Opening Call: The Australian share market is to open higher.
U.S. stocks dropped as technology shares retreated. The 10-year Treasury yield ticked up to 1.63% from 1.59% on Wednesday. The WSJ Dollar Index rose 0.63% to 85.64. U.S. oil futures slipped as U.S. crude supplies dropped, although gasoline stocks unexpectedly climbed. Gold prices fell to their lowest level in more than two weeks as the dollar strengthened.
Australia’s S&P/ASX 200 index ended 0.6% higher, extending its record amid continuing strength among energy stocks. Nearly every sector gained as the benchmark set its fourth record of 2021 and its first back-to-back records since before the Covid pandemic. The energy sector added 3.3% amid higher oil prices.
U.S. stocks fell as fresh weekly data showed a continued recovery in the labour market and traders kept a close eye on any potential policy shifts from the Federal Reserve.
The S&P 500 fell 0.4% after ticking up 0.1% on Wednesday. The Dow Jones Industrial Average slipped 0.1%, while the Nasdaq Composite lost 1%, dragged down by the tech stocks that propelled the market higher during the pandemic.
Investors have been watching the economic recovery — and signs of a corresponding jump in inflation — and gauging how it will affect the Federal Reserve’s monetary policy. The rosy economic reports added to the concerns.
The Nikkei Stock Average closed 0.4% higher as gains in semiconductor and food stocks help offset losses in steel and metal stocks.
Gold prices dropped, losing their grip on the key $1,900 level to mark the lowest settlement in more than two weeks, as the U.S. dollar strengthened following a jump in U.S. private-sector payrolls data for May.
U.S. private-sector employment surged by 978,000 in May, according to the ADP National Economic Report. That was well above the rise of 680,000 forecasts by economists surveyed by The Wall Street Journal.
Gold for August delivery fell 1.9% to settle at $1,873.30 an ounce. The most active contract fell under the key technical level of $1,900, and finished at its lowest since May 18, FactSet data show. On Wednesday, prices settled at $1,909.90, the highest since Jan. 7.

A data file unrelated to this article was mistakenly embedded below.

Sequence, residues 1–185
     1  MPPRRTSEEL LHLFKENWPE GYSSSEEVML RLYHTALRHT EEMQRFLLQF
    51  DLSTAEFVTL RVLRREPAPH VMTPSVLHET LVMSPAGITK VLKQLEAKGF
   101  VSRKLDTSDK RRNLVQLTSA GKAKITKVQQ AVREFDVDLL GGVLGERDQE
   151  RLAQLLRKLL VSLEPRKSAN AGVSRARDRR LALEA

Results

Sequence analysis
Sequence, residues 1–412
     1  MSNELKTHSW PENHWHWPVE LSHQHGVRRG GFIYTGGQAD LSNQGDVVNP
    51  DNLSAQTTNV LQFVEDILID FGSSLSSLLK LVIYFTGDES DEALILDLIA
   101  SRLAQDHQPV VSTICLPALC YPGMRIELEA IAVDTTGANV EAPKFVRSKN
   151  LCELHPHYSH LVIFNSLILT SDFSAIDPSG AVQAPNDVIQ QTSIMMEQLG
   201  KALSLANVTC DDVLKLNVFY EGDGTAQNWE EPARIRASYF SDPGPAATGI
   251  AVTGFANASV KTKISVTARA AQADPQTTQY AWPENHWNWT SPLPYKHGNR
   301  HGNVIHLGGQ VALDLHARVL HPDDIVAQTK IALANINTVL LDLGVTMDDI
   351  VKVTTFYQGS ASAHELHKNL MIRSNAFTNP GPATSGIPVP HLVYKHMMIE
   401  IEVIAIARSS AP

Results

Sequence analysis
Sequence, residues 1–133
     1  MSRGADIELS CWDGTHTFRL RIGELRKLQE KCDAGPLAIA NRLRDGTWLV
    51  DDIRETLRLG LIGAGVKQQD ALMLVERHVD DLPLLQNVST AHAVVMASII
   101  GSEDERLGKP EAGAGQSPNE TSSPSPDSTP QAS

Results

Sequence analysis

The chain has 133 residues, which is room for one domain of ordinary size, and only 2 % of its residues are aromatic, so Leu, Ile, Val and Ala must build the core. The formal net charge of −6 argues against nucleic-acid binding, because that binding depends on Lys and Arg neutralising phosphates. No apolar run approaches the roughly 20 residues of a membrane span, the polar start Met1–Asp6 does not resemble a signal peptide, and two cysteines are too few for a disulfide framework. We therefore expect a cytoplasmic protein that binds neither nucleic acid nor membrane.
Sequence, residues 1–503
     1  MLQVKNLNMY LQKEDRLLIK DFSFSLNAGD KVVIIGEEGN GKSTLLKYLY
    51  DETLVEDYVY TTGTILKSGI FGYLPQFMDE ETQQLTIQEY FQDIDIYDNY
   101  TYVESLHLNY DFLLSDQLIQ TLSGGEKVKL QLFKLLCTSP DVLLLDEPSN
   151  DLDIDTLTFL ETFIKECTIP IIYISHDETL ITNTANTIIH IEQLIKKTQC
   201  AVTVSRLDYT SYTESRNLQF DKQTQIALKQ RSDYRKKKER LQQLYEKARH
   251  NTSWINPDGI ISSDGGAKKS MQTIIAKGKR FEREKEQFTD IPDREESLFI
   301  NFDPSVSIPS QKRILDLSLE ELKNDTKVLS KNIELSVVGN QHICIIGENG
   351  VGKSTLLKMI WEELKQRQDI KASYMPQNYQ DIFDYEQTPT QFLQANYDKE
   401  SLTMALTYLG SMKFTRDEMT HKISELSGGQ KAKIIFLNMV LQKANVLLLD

U.S. government data showed a weekly decline of more than five million barrels in domestic crude inventories, but gasoline stockpiles saw a surprise increase, prompting prices for crude oil to end just pennies lower for the session.
West Texas Intermediate crude for July delivery fell 0.03% to settle at $68.81 a barrel on the New York Mercantile Exchange. August Brent crude, the global benchmark, lost 0.06% to $71.31 a barrel on ICE Futures Europe. On Wednesday, WTI saw the highest close for a front-month contract since Oct. 22, 2018, while Brent saw its highest finish since May 21, 2019, according to Dow Jones Market Data.
Major currencies were weaker against the US dollar in European and US trade. The Euro fell from highs near US$1.2204 to lows near US$1.2117 and was near US$1.2125 at the US close. The Aussie dollar fell from highs near US77.40 cents to lows near US76.47 cents and was near US76.60 cents at the US close. And the Japanese yen fell from 109.63 yen per US dollar to near JPY110.30 at the US close.
European sharemarkets were mixed on Thursday. The pan-European STOXX 600 index fell by just 0.1% with basic resources stocks down 1.9% but autos shares were up 1.5%. The IHS Markit’s
‘final’ Eurozone composite purchasing managers’ index lifted from 53.8 to 57.1 in May (survey: 56.9). The German Dax index added 0.2%. But the UK FTSE index was down by 0.6%. In London trade shares in Rio Tinto (-2.1%) and BHP (-1.9%) both fell.
Chinese stock markets finished the session lower as the market continued to weaken after a broad rally in recent weeks. The benchmark Shanghai Composite Index fell 0.4%.
The Shenzhen Composite Index shed 0.3% while the ChiNext Price Index dropped 1.3%. The renewable-energy sector led the downturn, with solar-energy glass makers suffering deep losses amid worse-than-expected glass price declines in recent weeks.